“You know your Bible well,” I commented to him while the New York trained part of me sent its radar up, wondering if I was about to have a religious fanatic break loose.
“Oh yes, I do,” He replied, smiling. “I used to be minster when I was younger.”
Before I could respond, the mechanic walked back in.
“Mrs. Flynn, we’ve your bill ready for you,” he called out, turning to look at me.
I benignly smiled. “Miss,” I replied.
He looked flummoxed.
As I gathered my purse and walked to the register, he had recovered enough to ask a question I can only assume he may have meant as a compliment.
“Why aren’t you married, girl?”
“Well, there are a few reasons,” I replied as politely as I could. “1. I was smart enough to not marry any of my exes 2. I haven’t met the right person yet and isn’t that the best reason to not be? (I heard the older gentleman laugh softly in agreement behind me) and 3. Respectfully- where I come from, nobody but nobody gets married as young as you people do.”
As the mechanics eyes widened and he laughed, the gentleman behind me spoke up,
“Good for you. Those are perfect reasons to not be married. As you know and as the Bible says in Psalm 37:4 ‘take delight in the Lord and He will give you the desires of your heart’.
I turned around to face the man, startled. He sat, suddenly looking as together as I had seen him thus far, looking right at me with a half smile on his face as if he realized the impact of his words. His smile widened and he repeated the verse again. The mechanic pushed my receipt towards me and as I turned around to sign it, I felt a bit flustered.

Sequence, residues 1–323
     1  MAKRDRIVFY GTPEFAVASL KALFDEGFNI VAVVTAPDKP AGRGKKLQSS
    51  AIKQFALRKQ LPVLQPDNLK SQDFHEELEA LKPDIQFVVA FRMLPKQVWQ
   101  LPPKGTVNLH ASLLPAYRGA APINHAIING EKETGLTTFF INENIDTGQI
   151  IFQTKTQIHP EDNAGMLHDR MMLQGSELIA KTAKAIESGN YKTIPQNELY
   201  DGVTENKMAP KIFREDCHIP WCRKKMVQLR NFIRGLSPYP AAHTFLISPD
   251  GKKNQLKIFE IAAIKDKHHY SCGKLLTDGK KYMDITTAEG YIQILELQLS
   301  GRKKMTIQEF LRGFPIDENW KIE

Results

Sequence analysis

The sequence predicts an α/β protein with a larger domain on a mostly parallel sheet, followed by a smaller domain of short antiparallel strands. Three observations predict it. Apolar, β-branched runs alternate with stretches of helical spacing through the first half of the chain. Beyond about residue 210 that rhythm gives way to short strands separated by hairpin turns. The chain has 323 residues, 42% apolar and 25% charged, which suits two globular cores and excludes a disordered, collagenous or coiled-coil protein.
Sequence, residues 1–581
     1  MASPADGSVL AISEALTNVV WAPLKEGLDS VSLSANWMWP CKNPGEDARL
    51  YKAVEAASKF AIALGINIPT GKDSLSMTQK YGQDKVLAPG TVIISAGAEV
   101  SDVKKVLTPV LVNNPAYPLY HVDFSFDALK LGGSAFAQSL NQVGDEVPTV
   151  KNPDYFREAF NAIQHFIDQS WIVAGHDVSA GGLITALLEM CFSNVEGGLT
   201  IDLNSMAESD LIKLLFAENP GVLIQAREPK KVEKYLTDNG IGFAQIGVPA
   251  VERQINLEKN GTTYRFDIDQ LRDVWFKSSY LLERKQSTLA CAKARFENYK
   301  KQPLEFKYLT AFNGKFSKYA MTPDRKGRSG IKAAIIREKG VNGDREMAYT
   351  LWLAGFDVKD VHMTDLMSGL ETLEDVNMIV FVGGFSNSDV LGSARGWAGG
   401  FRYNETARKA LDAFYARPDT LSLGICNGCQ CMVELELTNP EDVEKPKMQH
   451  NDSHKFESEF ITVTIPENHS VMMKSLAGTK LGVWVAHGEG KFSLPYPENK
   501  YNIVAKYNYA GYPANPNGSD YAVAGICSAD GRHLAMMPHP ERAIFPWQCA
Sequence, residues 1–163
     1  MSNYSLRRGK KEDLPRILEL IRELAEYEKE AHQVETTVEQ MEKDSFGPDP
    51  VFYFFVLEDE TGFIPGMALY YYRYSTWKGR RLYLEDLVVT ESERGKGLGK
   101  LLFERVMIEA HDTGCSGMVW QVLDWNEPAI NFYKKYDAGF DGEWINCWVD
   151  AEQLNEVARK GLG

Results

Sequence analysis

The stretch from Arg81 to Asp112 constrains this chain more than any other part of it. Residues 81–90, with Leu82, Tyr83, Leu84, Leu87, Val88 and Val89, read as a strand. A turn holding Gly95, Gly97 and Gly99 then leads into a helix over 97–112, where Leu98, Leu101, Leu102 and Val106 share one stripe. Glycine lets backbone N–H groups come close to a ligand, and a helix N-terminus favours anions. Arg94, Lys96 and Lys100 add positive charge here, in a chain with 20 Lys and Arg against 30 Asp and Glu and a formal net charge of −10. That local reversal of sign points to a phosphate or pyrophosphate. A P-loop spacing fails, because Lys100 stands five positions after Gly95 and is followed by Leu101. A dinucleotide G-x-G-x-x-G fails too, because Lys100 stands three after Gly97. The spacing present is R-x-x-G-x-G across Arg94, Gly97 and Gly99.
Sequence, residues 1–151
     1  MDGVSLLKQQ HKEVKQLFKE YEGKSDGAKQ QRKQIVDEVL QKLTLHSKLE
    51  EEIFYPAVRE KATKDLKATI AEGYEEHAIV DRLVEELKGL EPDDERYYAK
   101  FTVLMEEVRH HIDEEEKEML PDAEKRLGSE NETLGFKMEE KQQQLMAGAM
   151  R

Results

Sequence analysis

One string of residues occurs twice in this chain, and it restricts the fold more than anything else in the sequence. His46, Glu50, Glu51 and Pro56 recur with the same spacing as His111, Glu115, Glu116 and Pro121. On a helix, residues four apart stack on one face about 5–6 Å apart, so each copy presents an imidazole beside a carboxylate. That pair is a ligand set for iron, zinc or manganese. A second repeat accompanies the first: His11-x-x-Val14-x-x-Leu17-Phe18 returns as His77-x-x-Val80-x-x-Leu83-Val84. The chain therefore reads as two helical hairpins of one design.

Over the past couple of months as those crossroads seemed to have drawn closer and I’d had a few soul searches, this verse kept returning to my mind again and again and it spoke deeply to my heart about where I was at and what I need to do. To have this man, on a day and week which had not been the best for me, quote it to me and in the context in which he did, really hit me.
I finished signing my receipt, thanked the mechanic, said goodbye to the older man reminding him to use my card if he had a need and walked outside towards my car. As I opened the driver door, I heard the garage’s office door swing open.
“Miss,” I looked up and the older gentleman was standing, somewhat awkwardly, near my car.
“Yes?” I smiled politely.
He moved his cane forward and leaned on it heavily as if his left leg hurt but the smile stayed on his face. His next words hit me like a ton of bricks and stayed with me as encouragement as I looked ahead to the future. I don’t think his word choice was accidental and I believe people are sent into your life as messengers when you need clarity most. Little did I know, that crossroad I sensed was one that brought me some of the best professional opportunities of my life, rich friendships when I needed them most and the man I am now engaged to marry.
“I can tell you’re someone who’s been following what it is God wants you to be doing with your life and I just wanted to say…”
Here he paused and, straightening himself up, looked me right in the eye.
“Keep the faith, sister.”